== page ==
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I read somewhere that Amazon has a dedicated team for each of its major products. This approach facilitates the growth of the domain knowledge for each product team and as a result of this retained knowledge, it allows Amazon to rapidly add new functionality to products.

I have experience working with lots of companies where they follow more of a matrix based resource model. In this model, the company has a portfolio of products, but architects, developers and project managers are very frequently moved around from product to product. For example, if new functionality is to be added to a product, a completely new project team will be created for this. The project team is likely to have no previous exposure to the product.

As a result of this matrix resourcing, the product technical architecture becomes weak (each architect will use a different approach/style), and adding new functionality takes much longer because of the domain knowledge that the new project team needs to acquire before starting the project.

Information leak is sometimes used to describe the effects of lost knowledge such, which seems to be exacerbated by the matrix resourcing approach.

Questions: Is there any research or documentation that supports my experience and identifies the impact (cost/time) of information lost due to matrix resource models?


Also, most of the companies had a tendency to switch resources mid-project. This cost a lot of time lost due to:

  • handovers required between old and new staff (if they even happened at all)
  • new staff getting up-to-speed on the project
  • low morale due to constant resource changes on projects

Link describing Amazon's Philosophy: you build it; you own it.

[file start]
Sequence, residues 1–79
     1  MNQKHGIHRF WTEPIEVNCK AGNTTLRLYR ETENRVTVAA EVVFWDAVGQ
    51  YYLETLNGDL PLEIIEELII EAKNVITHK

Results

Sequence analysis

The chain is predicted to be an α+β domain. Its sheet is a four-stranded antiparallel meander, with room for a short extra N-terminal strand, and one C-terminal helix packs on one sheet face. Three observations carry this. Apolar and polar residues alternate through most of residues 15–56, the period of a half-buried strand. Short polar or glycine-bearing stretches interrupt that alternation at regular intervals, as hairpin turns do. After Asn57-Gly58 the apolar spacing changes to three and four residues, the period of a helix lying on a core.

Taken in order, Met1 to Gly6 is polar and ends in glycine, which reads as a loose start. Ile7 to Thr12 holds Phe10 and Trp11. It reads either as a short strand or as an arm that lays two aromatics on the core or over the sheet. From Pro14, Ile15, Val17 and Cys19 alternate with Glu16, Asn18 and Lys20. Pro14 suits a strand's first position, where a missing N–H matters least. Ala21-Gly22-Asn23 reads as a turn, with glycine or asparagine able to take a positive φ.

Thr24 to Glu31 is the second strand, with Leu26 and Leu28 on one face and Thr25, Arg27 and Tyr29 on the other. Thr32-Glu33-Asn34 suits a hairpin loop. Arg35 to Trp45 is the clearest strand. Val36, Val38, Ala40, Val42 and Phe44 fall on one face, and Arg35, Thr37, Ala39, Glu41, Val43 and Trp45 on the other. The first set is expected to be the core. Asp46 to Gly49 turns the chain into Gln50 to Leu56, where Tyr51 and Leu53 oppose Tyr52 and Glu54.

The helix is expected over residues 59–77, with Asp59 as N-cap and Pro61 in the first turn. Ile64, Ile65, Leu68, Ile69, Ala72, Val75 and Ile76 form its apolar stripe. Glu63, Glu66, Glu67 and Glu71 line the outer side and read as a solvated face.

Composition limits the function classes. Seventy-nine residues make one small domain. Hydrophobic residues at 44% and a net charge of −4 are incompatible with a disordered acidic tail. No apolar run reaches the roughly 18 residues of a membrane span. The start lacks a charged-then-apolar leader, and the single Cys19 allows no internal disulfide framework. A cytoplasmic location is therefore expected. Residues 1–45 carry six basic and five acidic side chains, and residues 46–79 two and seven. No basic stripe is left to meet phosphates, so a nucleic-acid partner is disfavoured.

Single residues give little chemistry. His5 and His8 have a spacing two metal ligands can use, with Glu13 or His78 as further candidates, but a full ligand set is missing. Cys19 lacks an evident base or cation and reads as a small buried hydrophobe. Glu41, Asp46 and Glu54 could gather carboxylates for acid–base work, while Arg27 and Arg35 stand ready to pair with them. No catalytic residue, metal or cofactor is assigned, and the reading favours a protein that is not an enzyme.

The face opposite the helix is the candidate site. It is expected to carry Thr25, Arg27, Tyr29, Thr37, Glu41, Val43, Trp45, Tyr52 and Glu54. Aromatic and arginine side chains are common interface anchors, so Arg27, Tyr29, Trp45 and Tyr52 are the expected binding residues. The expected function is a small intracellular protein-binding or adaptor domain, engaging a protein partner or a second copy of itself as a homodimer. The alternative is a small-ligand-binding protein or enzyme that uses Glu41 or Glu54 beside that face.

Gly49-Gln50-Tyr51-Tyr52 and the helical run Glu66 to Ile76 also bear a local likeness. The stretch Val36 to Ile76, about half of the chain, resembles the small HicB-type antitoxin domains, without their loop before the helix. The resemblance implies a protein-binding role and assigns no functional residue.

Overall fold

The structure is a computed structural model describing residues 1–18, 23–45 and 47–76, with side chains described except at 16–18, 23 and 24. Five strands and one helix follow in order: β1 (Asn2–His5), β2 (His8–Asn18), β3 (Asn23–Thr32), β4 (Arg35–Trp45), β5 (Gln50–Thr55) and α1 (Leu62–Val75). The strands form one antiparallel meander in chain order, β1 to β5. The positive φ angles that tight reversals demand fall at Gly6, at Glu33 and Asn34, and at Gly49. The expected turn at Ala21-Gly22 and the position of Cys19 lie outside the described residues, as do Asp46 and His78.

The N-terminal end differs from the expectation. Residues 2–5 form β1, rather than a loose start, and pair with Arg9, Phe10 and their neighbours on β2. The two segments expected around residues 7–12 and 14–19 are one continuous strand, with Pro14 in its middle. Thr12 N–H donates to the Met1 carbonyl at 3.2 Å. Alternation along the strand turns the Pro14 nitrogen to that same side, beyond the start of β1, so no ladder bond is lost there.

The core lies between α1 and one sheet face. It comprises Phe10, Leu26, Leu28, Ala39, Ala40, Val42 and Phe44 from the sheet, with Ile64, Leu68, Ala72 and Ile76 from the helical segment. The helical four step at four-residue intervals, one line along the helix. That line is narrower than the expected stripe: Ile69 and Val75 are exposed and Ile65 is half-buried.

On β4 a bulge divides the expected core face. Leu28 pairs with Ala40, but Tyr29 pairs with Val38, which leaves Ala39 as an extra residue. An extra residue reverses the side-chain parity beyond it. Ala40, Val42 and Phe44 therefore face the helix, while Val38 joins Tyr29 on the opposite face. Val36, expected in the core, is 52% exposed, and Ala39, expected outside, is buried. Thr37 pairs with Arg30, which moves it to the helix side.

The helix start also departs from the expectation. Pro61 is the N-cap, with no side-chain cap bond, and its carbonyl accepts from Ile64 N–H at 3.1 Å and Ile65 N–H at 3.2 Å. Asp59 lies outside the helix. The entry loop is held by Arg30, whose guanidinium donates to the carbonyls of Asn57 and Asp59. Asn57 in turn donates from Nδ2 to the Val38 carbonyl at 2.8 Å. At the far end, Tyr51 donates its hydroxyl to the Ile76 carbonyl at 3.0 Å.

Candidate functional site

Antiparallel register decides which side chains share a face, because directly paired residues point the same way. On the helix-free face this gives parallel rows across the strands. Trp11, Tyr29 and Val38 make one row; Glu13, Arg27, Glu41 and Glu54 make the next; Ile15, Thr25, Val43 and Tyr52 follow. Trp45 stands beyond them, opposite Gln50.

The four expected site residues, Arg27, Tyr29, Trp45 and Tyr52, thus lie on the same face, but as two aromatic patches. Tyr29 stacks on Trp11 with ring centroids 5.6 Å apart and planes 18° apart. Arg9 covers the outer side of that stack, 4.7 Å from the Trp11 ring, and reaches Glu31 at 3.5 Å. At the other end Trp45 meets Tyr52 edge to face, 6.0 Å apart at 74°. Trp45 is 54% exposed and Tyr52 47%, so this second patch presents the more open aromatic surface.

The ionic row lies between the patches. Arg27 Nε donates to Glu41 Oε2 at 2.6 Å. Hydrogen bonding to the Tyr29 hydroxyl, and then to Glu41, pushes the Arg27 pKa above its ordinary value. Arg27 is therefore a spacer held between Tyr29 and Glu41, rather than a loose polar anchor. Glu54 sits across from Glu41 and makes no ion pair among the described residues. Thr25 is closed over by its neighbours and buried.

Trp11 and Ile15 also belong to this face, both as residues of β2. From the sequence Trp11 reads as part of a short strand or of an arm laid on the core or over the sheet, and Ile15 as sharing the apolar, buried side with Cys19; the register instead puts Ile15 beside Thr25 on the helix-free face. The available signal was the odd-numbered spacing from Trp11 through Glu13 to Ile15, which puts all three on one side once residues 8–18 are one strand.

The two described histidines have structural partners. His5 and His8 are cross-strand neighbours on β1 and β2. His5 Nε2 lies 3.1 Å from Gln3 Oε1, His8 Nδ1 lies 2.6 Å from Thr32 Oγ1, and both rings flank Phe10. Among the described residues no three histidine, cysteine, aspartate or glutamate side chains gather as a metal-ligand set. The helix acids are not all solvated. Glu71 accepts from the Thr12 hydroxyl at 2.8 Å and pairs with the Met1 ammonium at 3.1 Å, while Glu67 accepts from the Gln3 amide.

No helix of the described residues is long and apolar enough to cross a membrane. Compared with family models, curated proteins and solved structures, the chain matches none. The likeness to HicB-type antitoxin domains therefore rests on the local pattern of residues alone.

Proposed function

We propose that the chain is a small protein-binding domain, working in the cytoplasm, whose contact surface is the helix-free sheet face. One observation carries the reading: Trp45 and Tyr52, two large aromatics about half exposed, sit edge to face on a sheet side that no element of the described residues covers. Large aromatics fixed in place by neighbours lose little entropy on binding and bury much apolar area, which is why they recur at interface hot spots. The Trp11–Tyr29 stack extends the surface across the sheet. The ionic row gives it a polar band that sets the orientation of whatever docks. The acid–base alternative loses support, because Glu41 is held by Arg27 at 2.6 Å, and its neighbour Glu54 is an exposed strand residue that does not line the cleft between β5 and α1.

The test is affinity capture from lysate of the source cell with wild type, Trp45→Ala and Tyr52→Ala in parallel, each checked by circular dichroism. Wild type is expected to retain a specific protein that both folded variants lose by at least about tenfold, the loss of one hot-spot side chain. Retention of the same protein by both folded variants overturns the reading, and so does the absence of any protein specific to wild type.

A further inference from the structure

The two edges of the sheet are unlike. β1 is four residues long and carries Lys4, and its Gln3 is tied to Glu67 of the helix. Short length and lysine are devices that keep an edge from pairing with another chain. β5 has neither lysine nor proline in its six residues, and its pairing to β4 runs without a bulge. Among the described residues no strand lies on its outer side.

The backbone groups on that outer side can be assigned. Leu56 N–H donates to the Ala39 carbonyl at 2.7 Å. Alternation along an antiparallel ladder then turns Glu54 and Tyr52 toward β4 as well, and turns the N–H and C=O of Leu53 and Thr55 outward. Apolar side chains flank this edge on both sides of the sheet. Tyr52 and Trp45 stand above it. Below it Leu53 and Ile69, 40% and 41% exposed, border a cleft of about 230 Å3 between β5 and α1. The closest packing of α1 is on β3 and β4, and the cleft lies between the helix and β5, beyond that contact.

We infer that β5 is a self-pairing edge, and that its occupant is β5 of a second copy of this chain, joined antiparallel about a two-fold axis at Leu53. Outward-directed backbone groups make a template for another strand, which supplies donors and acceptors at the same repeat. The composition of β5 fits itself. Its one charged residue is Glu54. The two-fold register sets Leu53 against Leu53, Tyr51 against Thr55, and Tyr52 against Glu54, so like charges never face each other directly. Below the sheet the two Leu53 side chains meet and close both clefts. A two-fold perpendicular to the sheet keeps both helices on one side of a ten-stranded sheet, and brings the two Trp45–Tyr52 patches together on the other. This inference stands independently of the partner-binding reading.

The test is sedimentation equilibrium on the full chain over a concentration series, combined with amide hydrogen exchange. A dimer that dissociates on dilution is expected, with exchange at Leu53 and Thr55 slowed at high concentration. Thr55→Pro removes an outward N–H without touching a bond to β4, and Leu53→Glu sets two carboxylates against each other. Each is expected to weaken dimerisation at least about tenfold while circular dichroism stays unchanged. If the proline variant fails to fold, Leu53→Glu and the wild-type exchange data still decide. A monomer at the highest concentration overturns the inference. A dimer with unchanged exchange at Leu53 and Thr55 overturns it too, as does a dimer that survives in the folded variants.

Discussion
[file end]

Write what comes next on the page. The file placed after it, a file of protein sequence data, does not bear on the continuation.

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Possible counterpoint to this: By "leveling out" the skills of the developers, you avoid a situation in which one developer is hit by a bus and leaves you with a sudden gap in domain knowledge that could be very difficult to fill. You may sacrifice some implementation speed, but it can provide better insurance against disaster. Amazon (and other tech unicorns) can probably avoid this issue by being able to hire only very highly skilled developers who take measures to prevent this occurring. – Phoshi Nov 21 '13 at 12:56
@Phoshi - I've found that the insurance doesn't actually pay off because no one ends up with the domain knowledge. Also, in my experience, the sacrificed implementation speed can be significant. – SHC Nov 21 '13 at 17:41
SO Administrators, can you please give me some tips why the question is on hold? As per RalphChapin's answer, Capers Jones books are about software engineering, and so is my question. I'm also asking for facts rather than subjective points of view on the topic. – SHC Nov 23 '13 at 11:19

1 Answer 1

up vote 2 down vote accepted

Google "Capers Jones". I stumbled on one of his books ages ago and it covered matrix management among a lot of other things (like offices with doors vs. cubicles). The guy was estimating software development time based on a vast array of things: proposed languages, programmer skills, etc., etc.. He'd collected a vast amount of statistics on completed projects. Interestingly, his data came from formal, thoroughly documented, carefully managed projects, but a lot of it could apply to anybody: hobbyists and people working in 2 man start-ups.

(This is actually a duplicate answer. See here for original.)

As I recall, between Project Management, where your boss is the project leader, Resource Management, where your boss is the guy in charge of programmers for whatever project that comes along, and Matrix Management, where you don't have a boss when you have a problem and have a lot of bosses the rest of the time, Matix Management delayed projects the most. But my memory may be fuzzy or out-of-date so check out Capers Jones.

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